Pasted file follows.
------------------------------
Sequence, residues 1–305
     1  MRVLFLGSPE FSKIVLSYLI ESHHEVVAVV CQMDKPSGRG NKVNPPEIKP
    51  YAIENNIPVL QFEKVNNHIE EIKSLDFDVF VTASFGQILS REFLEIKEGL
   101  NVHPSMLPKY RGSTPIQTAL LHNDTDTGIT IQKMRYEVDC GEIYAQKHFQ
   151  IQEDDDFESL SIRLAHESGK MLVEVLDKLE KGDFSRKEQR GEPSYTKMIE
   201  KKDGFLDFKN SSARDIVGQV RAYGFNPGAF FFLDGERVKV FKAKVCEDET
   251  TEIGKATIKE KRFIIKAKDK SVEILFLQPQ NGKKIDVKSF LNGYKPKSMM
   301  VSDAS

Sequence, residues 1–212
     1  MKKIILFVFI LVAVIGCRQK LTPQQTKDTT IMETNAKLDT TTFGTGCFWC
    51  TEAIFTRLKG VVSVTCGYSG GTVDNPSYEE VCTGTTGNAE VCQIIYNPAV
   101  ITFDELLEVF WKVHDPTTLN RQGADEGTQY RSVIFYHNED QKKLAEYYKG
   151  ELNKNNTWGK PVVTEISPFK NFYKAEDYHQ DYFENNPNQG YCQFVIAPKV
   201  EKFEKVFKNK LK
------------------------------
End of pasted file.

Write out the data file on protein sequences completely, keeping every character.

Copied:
Sequence, residues 1–305
     1  MRVLFLGSPE FSKIVLSYLI ESHHEVVAVV CQMDKPSGRG NKVNPPEIKP
    51  YAIENNIPVL QFEKVNNHIE EIKSLDFDVF VTASFGQILS REFLEIKEGL
   101  NVHPSMLPKY RGSTPIQTAL LHNDTDTGIT IQKMRYEVDC GEIYAQKHFQ
   151  IQEDDDFESL SIRLAHESGK MLVEVLDKLE KGDFSRKEQR GEPSYTKMIE
   201  KKDGFLDFKN SSARDIVGQV RAYGFNPGAF FFLDGERVKV FKAKVCEDET
   251  TEIGKATIKE KRFIIKAKDK SVEILFLQPQ NGKKIDVKSF LNGYKPKSMM
   301  VSDAS

Sequence, residues 1–212
     1  MKKIILFVFI LVAVIGCRQK LTPQQTKDTT IMETNAKLDT TTFGTGCFWC
    51  TEAIFTRLKG VVSVTCGYSG GTVDNPSYEE VCTGTTGNAE VCQIIYNPAV
   101  ITFDELLEVF WKVHDPTTLN RQGADEGTQY RSVIFYHNED QKKLAEYYKG
   151  ELNKNNTWGK PVVTEISPFK NFYKAEDYHQ DYFENNPNQG YCQFVIAPKV
   201  EKFEKVFKNK LK